DefinitionOtosclerosis is the growth of abnormal new bone in the inner ear. This growth prevents proper functioning of ear structures. Hearing loss can occur when the new bone surrounds the stapes and other small bones needed for hearing. This is a common cause of hearing loss.
|The Inner Ear|
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CausesThe cause of otosclerosis is still unknown, but genetics appears to play a role.
Risk FactorsOtosclerosis is more common in Caucasians, Asians, females, and in people in their teens through late 40s. Other factors that may increase chance of otosclerosis include:
- Family history of otosclerosis
- Drinking nonfluoridated water—some studies suggest that nonfluoridated water may cause a susceptible person to develop otosclerosis
- Hormonal factors, such as pregnancy
- Viral infections, including measles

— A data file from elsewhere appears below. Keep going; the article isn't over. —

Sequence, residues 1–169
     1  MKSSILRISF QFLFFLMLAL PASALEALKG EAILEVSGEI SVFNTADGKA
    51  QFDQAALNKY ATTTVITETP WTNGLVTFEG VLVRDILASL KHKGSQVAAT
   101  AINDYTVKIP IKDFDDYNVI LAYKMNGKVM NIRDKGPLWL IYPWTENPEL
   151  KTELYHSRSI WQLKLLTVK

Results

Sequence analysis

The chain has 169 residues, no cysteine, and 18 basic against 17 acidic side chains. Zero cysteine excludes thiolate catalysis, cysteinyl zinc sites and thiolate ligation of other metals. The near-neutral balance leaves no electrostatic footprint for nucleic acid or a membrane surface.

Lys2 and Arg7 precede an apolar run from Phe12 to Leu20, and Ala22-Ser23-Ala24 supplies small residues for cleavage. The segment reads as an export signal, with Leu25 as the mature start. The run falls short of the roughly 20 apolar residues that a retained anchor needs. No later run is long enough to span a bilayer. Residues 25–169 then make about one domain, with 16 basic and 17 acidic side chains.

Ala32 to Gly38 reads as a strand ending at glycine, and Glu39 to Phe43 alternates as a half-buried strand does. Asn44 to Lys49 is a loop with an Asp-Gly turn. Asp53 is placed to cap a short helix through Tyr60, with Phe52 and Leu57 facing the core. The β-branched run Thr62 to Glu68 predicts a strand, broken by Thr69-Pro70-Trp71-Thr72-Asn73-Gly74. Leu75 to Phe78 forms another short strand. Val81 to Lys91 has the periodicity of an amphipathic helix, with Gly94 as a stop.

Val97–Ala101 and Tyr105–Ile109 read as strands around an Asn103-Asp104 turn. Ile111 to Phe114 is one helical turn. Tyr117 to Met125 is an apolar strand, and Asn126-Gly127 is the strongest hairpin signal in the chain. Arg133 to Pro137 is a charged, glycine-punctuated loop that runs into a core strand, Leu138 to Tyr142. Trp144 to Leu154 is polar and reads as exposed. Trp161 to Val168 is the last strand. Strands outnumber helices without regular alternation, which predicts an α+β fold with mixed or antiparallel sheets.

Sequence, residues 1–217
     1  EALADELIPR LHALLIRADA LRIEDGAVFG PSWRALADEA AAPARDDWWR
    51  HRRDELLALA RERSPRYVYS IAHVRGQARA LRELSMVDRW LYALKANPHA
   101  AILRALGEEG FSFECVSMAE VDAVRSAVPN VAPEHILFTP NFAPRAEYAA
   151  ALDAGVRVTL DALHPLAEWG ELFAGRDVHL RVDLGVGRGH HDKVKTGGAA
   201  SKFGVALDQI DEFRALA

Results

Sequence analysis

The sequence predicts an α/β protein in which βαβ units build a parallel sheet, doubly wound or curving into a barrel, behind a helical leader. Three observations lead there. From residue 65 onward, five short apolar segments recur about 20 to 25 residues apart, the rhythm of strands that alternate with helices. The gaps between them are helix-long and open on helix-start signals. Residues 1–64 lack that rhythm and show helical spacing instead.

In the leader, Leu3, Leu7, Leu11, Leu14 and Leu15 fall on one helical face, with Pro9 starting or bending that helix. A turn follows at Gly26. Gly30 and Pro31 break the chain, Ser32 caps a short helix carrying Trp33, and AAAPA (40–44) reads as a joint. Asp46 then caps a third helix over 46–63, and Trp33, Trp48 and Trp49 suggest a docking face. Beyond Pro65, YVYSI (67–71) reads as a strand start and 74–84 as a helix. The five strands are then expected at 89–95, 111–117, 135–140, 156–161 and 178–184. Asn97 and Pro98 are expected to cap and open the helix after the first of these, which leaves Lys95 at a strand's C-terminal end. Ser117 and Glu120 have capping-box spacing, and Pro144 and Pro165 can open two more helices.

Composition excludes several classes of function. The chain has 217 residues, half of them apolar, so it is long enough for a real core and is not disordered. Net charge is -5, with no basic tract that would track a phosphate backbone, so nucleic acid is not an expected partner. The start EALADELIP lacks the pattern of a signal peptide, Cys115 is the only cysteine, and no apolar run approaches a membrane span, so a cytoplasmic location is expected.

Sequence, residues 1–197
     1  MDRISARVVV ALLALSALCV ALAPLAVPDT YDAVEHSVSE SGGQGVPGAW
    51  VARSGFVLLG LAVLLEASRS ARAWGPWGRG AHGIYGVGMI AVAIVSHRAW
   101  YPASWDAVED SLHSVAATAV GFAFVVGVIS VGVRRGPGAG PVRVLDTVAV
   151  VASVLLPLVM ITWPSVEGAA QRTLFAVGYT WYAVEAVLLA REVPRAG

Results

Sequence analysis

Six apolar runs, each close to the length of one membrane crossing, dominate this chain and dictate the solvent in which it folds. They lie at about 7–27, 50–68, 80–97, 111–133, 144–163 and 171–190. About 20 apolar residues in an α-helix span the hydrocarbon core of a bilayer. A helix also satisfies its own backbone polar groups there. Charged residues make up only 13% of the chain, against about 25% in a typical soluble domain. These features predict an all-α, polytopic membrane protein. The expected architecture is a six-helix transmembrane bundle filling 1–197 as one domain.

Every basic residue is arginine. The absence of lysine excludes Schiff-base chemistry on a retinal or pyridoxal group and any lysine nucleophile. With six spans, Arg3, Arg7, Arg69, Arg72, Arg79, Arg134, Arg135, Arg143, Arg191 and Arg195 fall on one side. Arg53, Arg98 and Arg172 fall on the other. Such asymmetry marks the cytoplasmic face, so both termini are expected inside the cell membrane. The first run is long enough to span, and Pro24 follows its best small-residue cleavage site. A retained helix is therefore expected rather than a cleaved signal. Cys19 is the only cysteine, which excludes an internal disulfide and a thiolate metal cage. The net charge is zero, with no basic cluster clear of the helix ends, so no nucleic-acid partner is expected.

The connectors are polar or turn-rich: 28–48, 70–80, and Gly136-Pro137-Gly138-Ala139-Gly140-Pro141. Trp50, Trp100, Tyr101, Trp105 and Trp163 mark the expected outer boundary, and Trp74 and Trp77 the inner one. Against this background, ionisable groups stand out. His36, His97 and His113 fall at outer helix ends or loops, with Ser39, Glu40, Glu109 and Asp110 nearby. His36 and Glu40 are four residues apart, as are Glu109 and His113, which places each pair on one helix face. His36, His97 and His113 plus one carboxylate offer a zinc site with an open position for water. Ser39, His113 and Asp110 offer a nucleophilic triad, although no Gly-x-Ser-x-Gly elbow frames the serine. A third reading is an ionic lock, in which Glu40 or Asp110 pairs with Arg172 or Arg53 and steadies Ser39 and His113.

SymptomsGradual hearing loss is the main symptom of otosclerosis. Hearing loss may be of 2 types:
- Conductive—involving the small bones of the inner ear
- Sensorineural—involving the cochlea, which is the sensory organ in the inner ear
- A sensation of spinning—vertigo
- Balance problems
- A sensation of ringing, roaring, or buzzing in the ear—tinnitus
DiagnosisThe doctor will ask about your symptoms and medical history. A physical exam will be done.Your ears may be tested. This can be done with a hearing test.Images may be taken of your ear. This can be done with:
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